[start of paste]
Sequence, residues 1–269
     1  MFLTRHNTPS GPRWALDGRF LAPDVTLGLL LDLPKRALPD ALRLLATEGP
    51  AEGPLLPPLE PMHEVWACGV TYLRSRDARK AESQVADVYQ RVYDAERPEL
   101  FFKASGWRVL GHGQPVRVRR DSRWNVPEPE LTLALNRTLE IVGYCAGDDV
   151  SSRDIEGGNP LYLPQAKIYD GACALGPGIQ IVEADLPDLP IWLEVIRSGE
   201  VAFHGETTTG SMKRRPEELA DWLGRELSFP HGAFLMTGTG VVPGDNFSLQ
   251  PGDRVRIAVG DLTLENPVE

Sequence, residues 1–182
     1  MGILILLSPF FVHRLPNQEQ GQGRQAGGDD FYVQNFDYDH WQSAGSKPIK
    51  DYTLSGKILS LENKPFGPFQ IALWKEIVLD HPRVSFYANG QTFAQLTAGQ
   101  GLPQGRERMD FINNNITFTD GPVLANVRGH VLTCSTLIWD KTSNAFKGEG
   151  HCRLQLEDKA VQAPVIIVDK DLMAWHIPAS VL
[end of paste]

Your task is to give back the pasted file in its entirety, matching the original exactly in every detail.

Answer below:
Sequence, residues 1–269
     1  MFLTRHNTPS GPRWALDGRF LAPDVTLGLL LDLPKRALPD ALRLLATEGP
    51  AEGPLLPPLE PMHEVWACGV TYLRSRDARK AESQVADVYQ RVYDAERPEL
   101  FFKASGWRVL GHGQPVRVRR DSRWNVPEPE LTLALNRTLE IVGYCAGDDV
   151  SSRDIEGGNP LYLPQAKIYD GACALGPGIQ IVEADLPDLP IWLEVIRSGE
   201  VAFHGETTTG SMKRRPEELA DWLGRELSFP HGAFLMTGTG VVPGDNFSLQ
   251  PGDRVRIAVG DLTLENPVE

Sequence, residues 1–182
     1  MGILILLSPF FVHRLPNQEQ GQGRQAGGDD FYVQNFDYDH WQSAGSKPIK
    51  DYTLSGKILS LENKPFGPFQ IALWKEIVLD HPRVSFYANG QTFAQLTAGQ
   101  GLPQGRERMD FINNNITFTD GPVLANVRGH VLTCSTLIWD KTSNAFKGEG
   151  HCRLQLEDKA VQAPVIIVDK DLMAWHIPAS VL